Media

Beyond TV, Some Sobering Realities

In the war on terrorism, print journalism remains essential, according to this media critic who reviews the best reporting from the last month.
In times of crisis, the purpose of television news is to tell a simple, clear story that depends as much on imagery as on facts. Seen in that light, the continuous coverage of the terrorist attacks and, now, the bombing runs over Afghanistan has resembled George W. Bush in his better moments. Like the president, TV has communicated the broad essentials of the war on terrorism without getting too deeply into the complications that are sure to arise.

This is why print remains essential. The media-absorption process might be described this way. Television provides pictures, images, impressions. The next morning's newspapers explain and sort out what was flashing on the screen the night before. And the elite press -- upper-end magazines, the op-ed pages of national newspapers, and the like -- attempts to divine what it means.

Of particular value are last week's New Yorker (dated October 8) and this past Sunday's New York Times Magazine, both of which challenge some of the central notions put forth by President Bush: that this is not a war against Islam (it's not, but it nevertheless looks like one in many respects); that we can increase security without endangering our liberties (that hasn't been the case in Britain); and that better intelligence will be essential in winning the war against terrorism (true, but the CIA is in far worse shape than anyone had imagined).

Perhaps the most horrifying -- and, therefore, important -- contribution is from the New Yorker's Jeffrey Goldberg, who traveled to Egypt in order to learn how that country's Muslim clerics and intellectuals were responding to the September 11 terrorist attacks. Egypt, unlike Osama bin Laden's homeland of Saudi Arabia, is a place of overpopulation and desperate poverty. Thus it's hardly surprising that bin Laden's Al Qaeda organization has a distinctly Egyptian cast. Yet Egypt also has an educated, highly sophisticated elite that would presumably be immune to the prejudices and superstitions of the masses.

If only it were so. Goldberg interviewed a prominent surgeon, a former Marxist who had found religion, who calmly explained that the Branch Davidians, with the help of Israeli intelligence, were behind the attacks on the World Trade Center. Goldberg also surveyed the so-called moderate Egyptian press, which, among other things, regularly praises Hitler and denies that the Holocaust ever took place. Goldberg quotes from a column written in one of these "moderate" papers; the piece calls for the Statue of Liberty to be destroyed, asserting that "the age of the American collapse has begun." Writes Goldberg: "This is not an uncommon theme among members of the Egyptian intellectual class."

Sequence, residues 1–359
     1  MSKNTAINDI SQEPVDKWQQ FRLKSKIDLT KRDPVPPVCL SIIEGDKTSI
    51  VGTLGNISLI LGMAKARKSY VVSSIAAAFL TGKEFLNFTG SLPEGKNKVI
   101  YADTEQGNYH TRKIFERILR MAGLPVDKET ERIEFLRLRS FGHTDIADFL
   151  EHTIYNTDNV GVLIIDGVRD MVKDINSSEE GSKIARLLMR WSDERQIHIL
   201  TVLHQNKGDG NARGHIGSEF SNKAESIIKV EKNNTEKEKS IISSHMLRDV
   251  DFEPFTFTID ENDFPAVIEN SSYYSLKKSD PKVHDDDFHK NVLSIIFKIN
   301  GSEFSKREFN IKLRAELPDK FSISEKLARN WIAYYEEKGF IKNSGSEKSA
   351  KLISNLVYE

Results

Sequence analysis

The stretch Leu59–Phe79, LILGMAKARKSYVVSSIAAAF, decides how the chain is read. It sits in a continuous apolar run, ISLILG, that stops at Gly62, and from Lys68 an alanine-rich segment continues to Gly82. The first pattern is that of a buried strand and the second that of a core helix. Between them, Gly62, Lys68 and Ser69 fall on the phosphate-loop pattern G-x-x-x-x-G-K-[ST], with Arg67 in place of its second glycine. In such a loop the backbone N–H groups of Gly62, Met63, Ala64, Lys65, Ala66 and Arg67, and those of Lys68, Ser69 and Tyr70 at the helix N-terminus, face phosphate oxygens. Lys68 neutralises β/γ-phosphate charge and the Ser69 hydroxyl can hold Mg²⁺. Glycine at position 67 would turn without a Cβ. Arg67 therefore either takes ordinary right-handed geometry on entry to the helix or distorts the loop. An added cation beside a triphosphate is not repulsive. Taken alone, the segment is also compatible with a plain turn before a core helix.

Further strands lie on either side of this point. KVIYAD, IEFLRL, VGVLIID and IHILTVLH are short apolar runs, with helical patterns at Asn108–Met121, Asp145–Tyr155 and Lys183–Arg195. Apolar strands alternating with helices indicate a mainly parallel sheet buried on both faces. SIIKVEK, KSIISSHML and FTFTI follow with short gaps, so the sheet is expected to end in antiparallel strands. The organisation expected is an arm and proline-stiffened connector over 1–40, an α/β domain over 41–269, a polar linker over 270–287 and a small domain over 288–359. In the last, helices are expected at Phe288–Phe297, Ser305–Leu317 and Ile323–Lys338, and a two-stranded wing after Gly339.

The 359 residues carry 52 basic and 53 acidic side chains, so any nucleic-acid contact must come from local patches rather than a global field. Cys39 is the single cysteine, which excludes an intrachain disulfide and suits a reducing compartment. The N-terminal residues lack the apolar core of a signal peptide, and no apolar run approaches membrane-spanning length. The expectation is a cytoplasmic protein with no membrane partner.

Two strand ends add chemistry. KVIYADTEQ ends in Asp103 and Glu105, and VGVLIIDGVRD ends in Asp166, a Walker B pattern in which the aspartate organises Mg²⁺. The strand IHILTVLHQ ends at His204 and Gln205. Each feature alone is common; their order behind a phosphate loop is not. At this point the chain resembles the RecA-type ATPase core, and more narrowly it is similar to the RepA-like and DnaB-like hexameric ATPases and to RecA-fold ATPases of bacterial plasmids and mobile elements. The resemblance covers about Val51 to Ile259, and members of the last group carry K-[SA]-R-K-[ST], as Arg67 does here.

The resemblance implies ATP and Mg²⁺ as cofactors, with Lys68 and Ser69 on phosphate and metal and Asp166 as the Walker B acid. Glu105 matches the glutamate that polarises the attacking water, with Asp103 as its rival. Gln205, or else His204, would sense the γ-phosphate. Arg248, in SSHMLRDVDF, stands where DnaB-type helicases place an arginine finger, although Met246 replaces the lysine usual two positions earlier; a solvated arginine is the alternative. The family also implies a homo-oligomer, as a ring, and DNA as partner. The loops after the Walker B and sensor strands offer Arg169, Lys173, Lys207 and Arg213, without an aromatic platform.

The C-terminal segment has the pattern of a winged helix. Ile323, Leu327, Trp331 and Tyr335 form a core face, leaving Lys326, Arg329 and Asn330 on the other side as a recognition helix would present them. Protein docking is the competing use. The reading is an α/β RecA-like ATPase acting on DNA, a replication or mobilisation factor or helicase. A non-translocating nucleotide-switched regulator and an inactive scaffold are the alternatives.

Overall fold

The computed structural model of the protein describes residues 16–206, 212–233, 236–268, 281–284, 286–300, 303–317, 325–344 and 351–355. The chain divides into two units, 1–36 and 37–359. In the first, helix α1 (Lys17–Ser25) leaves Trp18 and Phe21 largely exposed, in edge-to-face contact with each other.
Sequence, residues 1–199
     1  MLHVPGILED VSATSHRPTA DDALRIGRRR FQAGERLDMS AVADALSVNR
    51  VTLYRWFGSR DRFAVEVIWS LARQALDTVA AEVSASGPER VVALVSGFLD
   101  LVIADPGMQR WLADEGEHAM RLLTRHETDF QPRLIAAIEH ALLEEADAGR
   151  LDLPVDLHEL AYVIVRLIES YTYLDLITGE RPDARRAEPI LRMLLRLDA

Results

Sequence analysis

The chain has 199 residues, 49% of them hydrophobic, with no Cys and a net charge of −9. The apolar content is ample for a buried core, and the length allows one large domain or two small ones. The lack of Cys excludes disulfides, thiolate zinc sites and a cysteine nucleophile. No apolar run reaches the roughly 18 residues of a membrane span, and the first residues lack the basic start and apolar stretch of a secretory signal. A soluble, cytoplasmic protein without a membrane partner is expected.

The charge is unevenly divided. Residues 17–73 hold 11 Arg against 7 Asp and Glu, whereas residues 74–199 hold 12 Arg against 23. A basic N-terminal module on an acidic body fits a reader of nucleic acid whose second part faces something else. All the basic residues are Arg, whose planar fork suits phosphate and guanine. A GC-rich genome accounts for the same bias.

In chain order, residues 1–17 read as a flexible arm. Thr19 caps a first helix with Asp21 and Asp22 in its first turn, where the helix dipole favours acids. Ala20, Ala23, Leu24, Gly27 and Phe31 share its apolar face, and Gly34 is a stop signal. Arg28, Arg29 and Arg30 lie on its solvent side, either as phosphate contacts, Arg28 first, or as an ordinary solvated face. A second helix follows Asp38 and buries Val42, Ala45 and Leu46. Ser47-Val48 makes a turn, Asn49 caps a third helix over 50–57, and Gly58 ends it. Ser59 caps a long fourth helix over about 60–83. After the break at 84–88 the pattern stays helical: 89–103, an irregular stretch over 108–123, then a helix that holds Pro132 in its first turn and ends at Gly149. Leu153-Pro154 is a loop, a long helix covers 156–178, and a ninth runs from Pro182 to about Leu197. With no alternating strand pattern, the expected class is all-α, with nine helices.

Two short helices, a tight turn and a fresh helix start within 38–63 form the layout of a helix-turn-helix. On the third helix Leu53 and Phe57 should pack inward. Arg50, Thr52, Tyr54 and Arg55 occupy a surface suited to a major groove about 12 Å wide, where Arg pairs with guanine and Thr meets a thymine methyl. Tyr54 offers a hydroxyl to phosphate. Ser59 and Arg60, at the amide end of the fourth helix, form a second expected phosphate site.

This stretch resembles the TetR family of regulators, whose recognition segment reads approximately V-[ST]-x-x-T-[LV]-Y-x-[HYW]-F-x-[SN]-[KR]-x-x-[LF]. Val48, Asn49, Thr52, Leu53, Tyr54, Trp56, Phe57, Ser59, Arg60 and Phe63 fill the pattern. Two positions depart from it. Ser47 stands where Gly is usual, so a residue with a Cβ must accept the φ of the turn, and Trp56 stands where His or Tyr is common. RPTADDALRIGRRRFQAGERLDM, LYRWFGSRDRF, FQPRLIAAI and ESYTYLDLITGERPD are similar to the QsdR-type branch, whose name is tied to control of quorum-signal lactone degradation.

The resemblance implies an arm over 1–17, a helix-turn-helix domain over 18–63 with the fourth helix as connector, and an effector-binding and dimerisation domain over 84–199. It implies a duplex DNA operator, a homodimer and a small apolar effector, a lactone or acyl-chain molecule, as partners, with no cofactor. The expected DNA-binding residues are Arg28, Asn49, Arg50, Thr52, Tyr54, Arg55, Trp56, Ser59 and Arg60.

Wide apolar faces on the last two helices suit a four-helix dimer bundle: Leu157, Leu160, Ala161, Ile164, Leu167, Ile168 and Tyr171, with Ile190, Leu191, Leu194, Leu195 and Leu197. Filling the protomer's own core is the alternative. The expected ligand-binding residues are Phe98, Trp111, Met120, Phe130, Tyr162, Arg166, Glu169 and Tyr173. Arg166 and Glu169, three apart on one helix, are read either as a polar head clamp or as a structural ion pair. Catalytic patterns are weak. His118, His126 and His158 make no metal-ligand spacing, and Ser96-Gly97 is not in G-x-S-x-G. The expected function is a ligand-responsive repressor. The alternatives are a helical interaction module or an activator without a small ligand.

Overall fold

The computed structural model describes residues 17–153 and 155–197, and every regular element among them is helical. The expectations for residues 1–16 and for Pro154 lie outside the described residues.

In the New York Times Magazine, Andrew Sullivan provides the thematic framework for the disturbing particulars unearthed by Goldberg. In a piece provocatively titled "This Is a Religious War," Sullivan argues that the war against terrorism is essentially a war that pits the West against — well, not against Islam per se, but against a fundamentalist, cultlike form of Islam that resonates with millions of people in the Muslim world. Sullivan writes that "it is a war of fundamentalism against faiths of all kinds that are at peace with freedom and modernity." That argument may be overly simplistic, but Sullivan makes a compelling case that it's also true, at least in a broad-brush-stroke kind of way. Certainly Sullivan's thesis is a better aid to understanding the terrorist threat than Bush's repeated assurances that "Islam is a peaceful religion." Well, yes, but terrorists are killing people in the name of Islam.

Elsewhere in the Times Magazine, Jeffrey Rosen takes a close look at what a domestic war on terrorism has meant in Britain, where an estimated 2.5 million surveillance cameras have been installed around the country, supposedly to keep an eye on IRA fighters. The principal results of such constant surveillance, Rosen finds, are that dark-skinned men feel intimidated, and that bored security guards divert themselves by trying to zoom in on young women having sex with their boyfriends. Rosen warns that "if we meekly accede in the construction of vast feel-good architectures of surveillance that have far-reaching social costs and few discernible social benefits, we may find, in calmer times, that they are impossible to dismantle."

Veteran investigative reporter Seymour Hersh, writing in the New Yorker, finds that the post–Cold War CIA is a demoralized, overly bureaucratic agency whose essential mission — recruiting on-the-ground spies — has lagged badly, partly as a result of human-rights concerns and partly because few people (as one source memorably put it) want to spend their lives with diarrhea. Hersh's article is flawed because he fails even to mention the revisionist thinking that has kicked in since September 11; after all, before the terrorist attacks it seemed to most of us like a good idea to prevent the CIA from stirring up potentially dangerous havoc. (In one startling passage, a source sneers to Hersh, "Are we serious about getting rid of the problem — instead of sitting around making diversity quilts?") As Slate's Timothy Noah notes, no one is engaging in more revisionism than Hersh himself, who made his reputation exposing the seamy underside of American intelligence.

Still, Hersh's piece is essential and sobering reading for anyone concerned about how ineffective the CIA has become in its ability to prevent terrorist attacks before they take place.
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